Pfizer, Celgene-backed upstart Arrakis hopes to mine RNA spice

Michael Gilman will split his time as CEO of Arrakis and running another stealth biotech.

In the sci-fi universe of Frank Herbert’s Dune, Arrakis was considered the most valuable (yet desolate and forbidding) planet, given that it was the source of spice (aka melange), a drug that lengthens life span and heightens awareness.

A new upstart has launched today with this planet’s name as its moniker, denoting its desire to mine for potent new meds, although its focus is on a new kind of RNA target.

Industry vet Michael Gilman PhD (and ex-CEO of Padlock Therapeutics) becomes its chief, and tells FierceBiotech: “We view the RNA world as a vast and potentially forbidding source of powerful new medicines for humanity. And we intend to systematically mine the RNA world to find those agents.”

Gilman is not, however, looking to follow in the footsteps of other biopharma RNA players, but forge a new path.

“What’s bold about our approach is that we are using small molecule medicinal chemistry—which has been historically limited to only about 500 protein targets within the vast transcriptome of over 200,000 RNA transcripts—and applying it to target RNA,” Gilman explains.

“Our founders asked: ‘Why not expand the reach of small molecule drugs to RNA in addition to proteins?’ We already know that many approved small molecule antibiotics bind RNA. Recently, drug candidates in Big Pharma pipelines have emerged that exert their activity through RNA rather than proteins.”

These include Novartis’s LM1070, which targets mRNA and is in the clinic for spinal muscular atrophy, and Merck’s ribocil, that acts by binding to a region of a bacterial mRNA.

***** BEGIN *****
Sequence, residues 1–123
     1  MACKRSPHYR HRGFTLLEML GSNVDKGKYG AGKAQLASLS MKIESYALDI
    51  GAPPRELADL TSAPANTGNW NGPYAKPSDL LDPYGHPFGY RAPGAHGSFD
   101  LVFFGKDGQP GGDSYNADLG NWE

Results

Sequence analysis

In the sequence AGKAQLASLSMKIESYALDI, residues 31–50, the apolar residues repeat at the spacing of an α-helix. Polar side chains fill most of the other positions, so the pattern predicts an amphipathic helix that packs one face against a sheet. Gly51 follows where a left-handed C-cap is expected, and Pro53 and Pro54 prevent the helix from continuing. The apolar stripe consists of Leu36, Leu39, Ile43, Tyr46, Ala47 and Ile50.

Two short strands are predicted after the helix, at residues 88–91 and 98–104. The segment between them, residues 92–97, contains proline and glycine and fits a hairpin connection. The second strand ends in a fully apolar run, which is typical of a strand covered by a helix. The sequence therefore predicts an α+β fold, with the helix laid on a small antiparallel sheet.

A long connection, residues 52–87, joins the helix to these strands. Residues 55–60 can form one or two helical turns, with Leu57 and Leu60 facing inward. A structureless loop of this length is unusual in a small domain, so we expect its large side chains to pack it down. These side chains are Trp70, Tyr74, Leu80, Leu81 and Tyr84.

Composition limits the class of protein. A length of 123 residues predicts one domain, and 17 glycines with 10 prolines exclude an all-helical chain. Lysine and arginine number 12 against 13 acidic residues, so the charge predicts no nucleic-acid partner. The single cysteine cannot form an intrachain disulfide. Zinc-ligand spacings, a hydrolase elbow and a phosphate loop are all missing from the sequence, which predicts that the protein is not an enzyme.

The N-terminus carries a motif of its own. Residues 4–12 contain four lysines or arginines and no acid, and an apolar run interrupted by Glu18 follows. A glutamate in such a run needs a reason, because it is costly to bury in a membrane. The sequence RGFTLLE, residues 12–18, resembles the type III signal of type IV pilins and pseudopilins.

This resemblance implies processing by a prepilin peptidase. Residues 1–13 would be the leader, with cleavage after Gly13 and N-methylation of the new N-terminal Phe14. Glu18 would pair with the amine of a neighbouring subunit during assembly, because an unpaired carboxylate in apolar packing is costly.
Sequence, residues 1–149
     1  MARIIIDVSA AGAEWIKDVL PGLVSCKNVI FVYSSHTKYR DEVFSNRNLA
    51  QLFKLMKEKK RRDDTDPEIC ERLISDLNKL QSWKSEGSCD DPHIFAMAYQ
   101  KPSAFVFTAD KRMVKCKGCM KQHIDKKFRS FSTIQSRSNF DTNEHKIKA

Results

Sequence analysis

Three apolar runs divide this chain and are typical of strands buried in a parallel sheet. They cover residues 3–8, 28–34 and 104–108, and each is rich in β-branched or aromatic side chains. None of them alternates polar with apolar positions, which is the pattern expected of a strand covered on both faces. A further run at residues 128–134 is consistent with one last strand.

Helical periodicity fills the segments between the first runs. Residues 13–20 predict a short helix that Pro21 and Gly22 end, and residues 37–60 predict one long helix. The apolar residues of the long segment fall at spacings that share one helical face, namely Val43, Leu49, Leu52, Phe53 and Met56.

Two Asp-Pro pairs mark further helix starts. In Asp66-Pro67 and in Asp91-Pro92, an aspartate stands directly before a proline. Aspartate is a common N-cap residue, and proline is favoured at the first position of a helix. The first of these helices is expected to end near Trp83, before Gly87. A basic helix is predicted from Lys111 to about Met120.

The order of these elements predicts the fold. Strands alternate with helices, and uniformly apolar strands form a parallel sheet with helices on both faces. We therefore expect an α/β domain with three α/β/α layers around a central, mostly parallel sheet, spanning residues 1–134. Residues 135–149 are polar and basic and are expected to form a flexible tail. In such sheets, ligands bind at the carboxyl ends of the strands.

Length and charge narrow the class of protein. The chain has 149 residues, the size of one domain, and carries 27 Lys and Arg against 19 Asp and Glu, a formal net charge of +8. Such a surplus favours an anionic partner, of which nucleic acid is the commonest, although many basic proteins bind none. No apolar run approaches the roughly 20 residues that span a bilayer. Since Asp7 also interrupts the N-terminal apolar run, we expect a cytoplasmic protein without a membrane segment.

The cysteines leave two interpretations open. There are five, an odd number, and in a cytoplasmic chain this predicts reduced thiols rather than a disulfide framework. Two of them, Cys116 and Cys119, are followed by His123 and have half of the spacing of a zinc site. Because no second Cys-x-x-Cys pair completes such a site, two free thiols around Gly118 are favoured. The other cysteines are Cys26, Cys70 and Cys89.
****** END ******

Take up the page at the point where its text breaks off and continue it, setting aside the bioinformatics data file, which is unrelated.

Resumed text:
Gilman says that, so far, these RNA-targeting molecules have been found by accident, whereas Arrakis is discovering them intentionally. “That’s our pioneering mission to a new frontier—our Arrakis.”

Gilman will be halving his time between Arrakis and his leading role at another, as yet undisclosed stealthy biotech.

Arrakis, which is based in Waltham, Massachusetts, starts life with a $38 million Series A led by Canaan Partners, with help from Advent Life Sciences, Pfizer, Celgene, Osage University Partners, and biotech industry leader (and former Genzyme chief) Henri Termeer. 

That’s a fairly big early raise with some big backing players. “The things that create such a compelling opportunity with Arrakis—that I believe our investors recognized—is that we are taking a systematic and sophisticated approach to targeting RNA with small-molecule medicines and that, in the short time since the company’s founding [Oct. 2015], we have already made significant progress,” Gilman explains.  

“We have hits from our first screens. We have two proprietary platform technologies largely in place. We are geared up and ready to go. What the company has accomplished in such a short time is a real tribute to the great people who founded Arrakis, notably Russ Petters, our CSO [and former exec at Celgene, Biogen, and Sandoz/Novartis], who has been thinking about this problem and driving the platform build for almost two years.”